At&T and Olivetti: Analysis of a Failed Strategic Alliance

9 Pages Posted: 21 Oct 2008

See all articles by Robert E. Spekman

Robert E. Spekman

University of Virginia - Darden School of Business

Meredith Bolon

affiliation not provided to SSRN


This case examines the early stages of an alliance between two firms. The case deals with the reasons why the alliance makes sense, and documents how the alliance degrades and eventually fails. It demonstrates how the different expectations of partners can affect the nature and tone of their relationship.





In 1983 the long‑awaited breakup of the government‑sanctioned monopoly of American Telephone and Telegraph (AT&T) took place. Shorn of its monopolistic might, the company began to implement a strategy that would ensure its success in the increasingly competitive, high‑technology market. Faced with technology giants such as International Business Machines (IBM), Digital Equipment Corporation (DEC), and West Germany's Siemens A.G., AT&T saw an opportunity to marry its traditional strength in communications equipment with the computer know‑how of another company. AT&T's vision was to merge both voice and data in integrated systems, but the firm lacked the computer expertise and the distribution channels necessary for the proliferation of a new generation of AT&T voice/data products.

Eyeing the growing demand for high technology products in Europe, AT&T viewed this market as essential for its own long-term growth. The European market had underdeveloped telecommunications (less than one-fifth of the $ 25 billion in world-telecommunications equipment sales were made in Europe in 1984), and the use of computers was slow but growing. As a result, the company sought a strategic alliance in Europe to gain instant access to elusive and often nationalistic distribution channels. AT&T's highly publicized marriage to Ing. C. Olivetti & Co., the Italian office machine manufacturer, engrossed industry watchers on both sides of the Atlantic.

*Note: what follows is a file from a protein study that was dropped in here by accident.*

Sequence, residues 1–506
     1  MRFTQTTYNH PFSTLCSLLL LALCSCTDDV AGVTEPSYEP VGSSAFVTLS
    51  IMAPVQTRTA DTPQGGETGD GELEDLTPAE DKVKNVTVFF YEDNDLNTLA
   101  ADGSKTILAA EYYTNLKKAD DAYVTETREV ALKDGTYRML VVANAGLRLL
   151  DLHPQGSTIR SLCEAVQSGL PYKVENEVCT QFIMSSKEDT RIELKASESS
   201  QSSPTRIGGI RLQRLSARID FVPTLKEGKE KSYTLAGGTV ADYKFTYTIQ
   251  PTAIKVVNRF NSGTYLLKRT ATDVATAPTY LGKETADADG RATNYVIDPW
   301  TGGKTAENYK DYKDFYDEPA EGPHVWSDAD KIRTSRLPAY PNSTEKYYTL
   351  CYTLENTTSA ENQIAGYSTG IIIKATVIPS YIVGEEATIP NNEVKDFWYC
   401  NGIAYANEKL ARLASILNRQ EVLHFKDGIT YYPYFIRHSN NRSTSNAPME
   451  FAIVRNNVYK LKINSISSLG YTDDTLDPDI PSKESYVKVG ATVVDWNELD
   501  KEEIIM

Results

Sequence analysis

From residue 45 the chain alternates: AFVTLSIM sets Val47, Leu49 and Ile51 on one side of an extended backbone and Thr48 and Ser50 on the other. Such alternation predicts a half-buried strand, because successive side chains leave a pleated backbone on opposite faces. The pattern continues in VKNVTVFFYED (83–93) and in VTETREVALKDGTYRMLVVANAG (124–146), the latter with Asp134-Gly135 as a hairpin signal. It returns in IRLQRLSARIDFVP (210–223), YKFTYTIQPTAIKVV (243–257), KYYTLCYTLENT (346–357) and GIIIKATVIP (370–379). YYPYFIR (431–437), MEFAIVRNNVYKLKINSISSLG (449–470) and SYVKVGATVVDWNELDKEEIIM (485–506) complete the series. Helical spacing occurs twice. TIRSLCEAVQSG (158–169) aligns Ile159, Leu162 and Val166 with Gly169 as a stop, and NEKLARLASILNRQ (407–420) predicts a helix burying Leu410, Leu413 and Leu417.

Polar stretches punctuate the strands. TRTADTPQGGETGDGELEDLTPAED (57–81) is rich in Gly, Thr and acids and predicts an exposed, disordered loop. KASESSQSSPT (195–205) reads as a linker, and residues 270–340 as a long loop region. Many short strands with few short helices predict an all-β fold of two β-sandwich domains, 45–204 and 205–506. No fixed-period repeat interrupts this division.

AT&T confirmed rampant speculation about the plan on Wednesday, December 21, 1983, when it announced the purchase of 100 million shares of Olivetti for $ 4.26 million. The agreement gave AT&T 25 percent of Olivetti for the first four years of the alliance, and provided an option to increase that percentage to not more than 40 percent for five years thereafter. Analyst Steven Chrust of Sanford C. Bornstein stated that, “the clearest advantage to AT&T from this relationship is the European presence it will have through Olivetti. AT&T needs these relationships to establish itself overseas.” Robert E. Sageman, then president and chief executive officer of AT&T International, AT&T's overseas marketing arm, said the accord represented a “long-term and extremely important relationship,” but he cautioned that a lot of work was still needed “to put flesh on the bones of the agreement we have.”

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Keywords: alliances partnerships relationships business-to-business, b2b

Suggested Citation

Spekman, Robert E. and Bolon, Meredith, At&T and Olivetti: Analysis of a Failed Strategic Alliance. Darden Case No. UVA-M-0430, Available at SSRN:

Robert E. Spekman (Contact Author)

University of Virginia - Darden School of Business ( email )

P.O. Box 6550
Charlottesville, VA 22906-6550
United States
434-924-4860 (Phone)


Meredith Bolon

affiliation not provided to SSRN

No Address Available

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